OTTAWA, Canada – The Canadian Airports Council today welcomed the announcement by Transport Minister Marc Garneau of $27.6 million in funding for 13 regional airports under the Airports Capital Assistance Program. The trade association for airports, however, urges the federal government to act on recommendations to improve capital fund options for small airports going forward.
“The Airports Capital Assistance Program has provided invaluable safety and security related support for Canada’s small commercial airports since airports were transferred to local management, and it is great to see the Government of Canada’s continued support of this program,” said CAC President Daniel-Robert Gooch. “For airports with fewer than 600,000 passengers a year, the government has always recognised the challenges associated with self-funding both airport operations and infrastructure needs. But we have airports and projects that should be eligible today and aren’t because of a quirk in federal policy.”
The CAC has joined with other regional airports in the Partners for Regional Aviation Infrastructure to jointly promote reforms to ACAP, including:
• Formation of a new, separate fund for small NAS airports that would be eligible for ACAP without a ban on funds for airports on federal land (see below).
• Review and revision of project and equipment eligibility criteria for more consistent decision making
• Funds for mandated safety upgrades, such as anticipated regulatory requirement for some airports to build Runway End Safety Areas
• Improved communication and transparency
• Increased funding for the program, which at $38 million a year hasn’t seen in an increase in more than 10 years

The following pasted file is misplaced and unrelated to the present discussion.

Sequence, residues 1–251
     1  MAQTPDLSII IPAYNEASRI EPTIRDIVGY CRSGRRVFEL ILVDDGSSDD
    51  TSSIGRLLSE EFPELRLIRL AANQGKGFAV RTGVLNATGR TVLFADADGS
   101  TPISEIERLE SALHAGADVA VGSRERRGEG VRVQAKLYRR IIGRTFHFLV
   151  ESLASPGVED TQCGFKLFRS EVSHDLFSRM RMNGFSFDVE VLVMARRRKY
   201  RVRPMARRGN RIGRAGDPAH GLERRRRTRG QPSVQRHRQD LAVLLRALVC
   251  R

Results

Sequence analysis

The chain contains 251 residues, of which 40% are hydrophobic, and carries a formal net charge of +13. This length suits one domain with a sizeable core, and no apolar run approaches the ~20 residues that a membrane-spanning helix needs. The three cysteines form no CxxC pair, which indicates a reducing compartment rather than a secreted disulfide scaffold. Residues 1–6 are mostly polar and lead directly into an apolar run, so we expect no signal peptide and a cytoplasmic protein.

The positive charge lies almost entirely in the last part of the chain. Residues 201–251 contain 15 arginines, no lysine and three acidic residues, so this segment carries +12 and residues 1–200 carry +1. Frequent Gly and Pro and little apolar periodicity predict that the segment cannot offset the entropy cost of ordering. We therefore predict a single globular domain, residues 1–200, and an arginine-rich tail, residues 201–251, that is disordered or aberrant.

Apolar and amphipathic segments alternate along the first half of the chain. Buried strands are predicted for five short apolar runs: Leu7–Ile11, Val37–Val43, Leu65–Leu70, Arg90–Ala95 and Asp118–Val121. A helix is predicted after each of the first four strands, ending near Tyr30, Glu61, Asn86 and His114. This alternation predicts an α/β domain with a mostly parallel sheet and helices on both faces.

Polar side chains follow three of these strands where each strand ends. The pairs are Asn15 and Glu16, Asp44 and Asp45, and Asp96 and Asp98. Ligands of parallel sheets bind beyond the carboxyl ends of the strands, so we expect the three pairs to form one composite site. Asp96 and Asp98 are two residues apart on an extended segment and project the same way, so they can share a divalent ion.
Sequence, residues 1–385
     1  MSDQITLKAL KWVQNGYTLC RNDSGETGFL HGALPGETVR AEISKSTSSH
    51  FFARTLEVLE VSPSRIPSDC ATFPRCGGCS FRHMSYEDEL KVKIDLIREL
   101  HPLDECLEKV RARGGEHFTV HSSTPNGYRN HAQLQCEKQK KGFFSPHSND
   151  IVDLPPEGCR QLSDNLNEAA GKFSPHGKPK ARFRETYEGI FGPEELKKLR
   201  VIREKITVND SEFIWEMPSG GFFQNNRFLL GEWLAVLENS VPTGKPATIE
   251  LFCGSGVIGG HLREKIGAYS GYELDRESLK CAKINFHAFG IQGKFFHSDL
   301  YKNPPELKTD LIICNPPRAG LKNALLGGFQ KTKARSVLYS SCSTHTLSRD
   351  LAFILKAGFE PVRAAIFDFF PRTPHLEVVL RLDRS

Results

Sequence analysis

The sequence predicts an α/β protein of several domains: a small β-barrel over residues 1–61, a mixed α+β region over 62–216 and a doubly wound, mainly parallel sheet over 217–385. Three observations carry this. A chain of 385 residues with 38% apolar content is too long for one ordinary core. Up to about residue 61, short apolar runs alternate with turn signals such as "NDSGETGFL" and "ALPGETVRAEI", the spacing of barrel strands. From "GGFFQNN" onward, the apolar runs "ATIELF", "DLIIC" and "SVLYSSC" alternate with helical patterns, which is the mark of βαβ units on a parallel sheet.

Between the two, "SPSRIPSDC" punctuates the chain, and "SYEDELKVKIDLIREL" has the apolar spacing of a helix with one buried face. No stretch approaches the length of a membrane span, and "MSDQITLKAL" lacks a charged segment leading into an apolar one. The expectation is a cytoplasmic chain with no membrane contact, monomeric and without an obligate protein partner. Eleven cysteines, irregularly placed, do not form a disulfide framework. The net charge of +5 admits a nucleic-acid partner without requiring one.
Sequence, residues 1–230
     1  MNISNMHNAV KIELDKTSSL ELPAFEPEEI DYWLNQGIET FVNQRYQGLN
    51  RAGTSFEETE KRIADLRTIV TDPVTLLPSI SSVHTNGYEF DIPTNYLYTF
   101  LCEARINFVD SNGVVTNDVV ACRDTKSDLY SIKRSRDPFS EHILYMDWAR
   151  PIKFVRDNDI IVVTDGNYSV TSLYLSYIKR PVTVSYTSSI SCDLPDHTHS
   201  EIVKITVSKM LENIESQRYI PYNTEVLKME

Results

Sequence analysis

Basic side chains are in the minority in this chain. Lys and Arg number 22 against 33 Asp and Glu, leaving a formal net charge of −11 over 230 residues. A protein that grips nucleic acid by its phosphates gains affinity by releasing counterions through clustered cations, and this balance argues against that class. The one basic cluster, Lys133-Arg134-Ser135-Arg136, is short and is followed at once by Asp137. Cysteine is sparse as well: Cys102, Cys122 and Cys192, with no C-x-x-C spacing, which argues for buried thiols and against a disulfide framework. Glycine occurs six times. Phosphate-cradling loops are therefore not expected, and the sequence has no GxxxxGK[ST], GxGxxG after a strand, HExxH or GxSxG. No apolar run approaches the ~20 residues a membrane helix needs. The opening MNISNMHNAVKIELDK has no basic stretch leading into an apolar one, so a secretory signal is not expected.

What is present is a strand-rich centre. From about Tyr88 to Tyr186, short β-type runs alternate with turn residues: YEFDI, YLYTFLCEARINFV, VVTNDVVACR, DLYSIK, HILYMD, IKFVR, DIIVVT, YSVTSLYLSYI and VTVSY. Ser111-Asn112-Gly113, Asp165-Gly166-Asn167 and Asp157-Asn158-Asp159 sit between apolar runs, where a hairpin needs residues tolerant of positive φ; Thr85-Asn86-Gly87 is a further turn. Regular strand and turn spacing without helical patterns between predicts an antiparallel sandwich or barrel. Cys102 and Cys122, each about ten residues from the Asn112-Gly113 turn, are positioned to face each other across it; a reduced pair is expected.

A recent review of transport policy by former Cabinet Member David Emerson recommends the government increase capital funding for small airports, including additional funds for ACAP so that it can also fund the lengthening and surfacing of runways in remote and northern airports.
Six Small Airports Need Not Apply
Canada’s airports have lobbied for six years to eliminate a ban on National Airports System airports on federal land participating in federal infrastructure programs – including ACAP, with six airports’ infrastructure deficit accumulating as a result. After a CAC appearance in the spring, the House of Commons Standing Committee on Finance agreed – urging the government to “ensure that small National Airports System airports are not unfairly excluded from eligibility for infrastructure funds.”
“Our airports have come to a critical point where infrastructure support is not only a matter of fairness, but rather a necessity,” says CAC Small Airports Caucus Chair Doug Newson, whose Charlottetown Airport is one of the six affected airports. “Whether it be critical runway repairs or adequate space for passengers to line up for security, the infrastructure deficit is growing and there are significant long-term sustainability challenges”.
NAS airports operate on a not-for-profit basis, but lease their land from the federal government under long term leases with assets reverting to the federal government after 60 years. Six NAS airports in Charlottetown, Fredericton, Gander, London, Prince George and Saint John have fewer passengers than the ACAP threshold and fall into this category – meaning they must pay rent to the federal government and are ineligible for ACAP and several other federal infrastructure programs.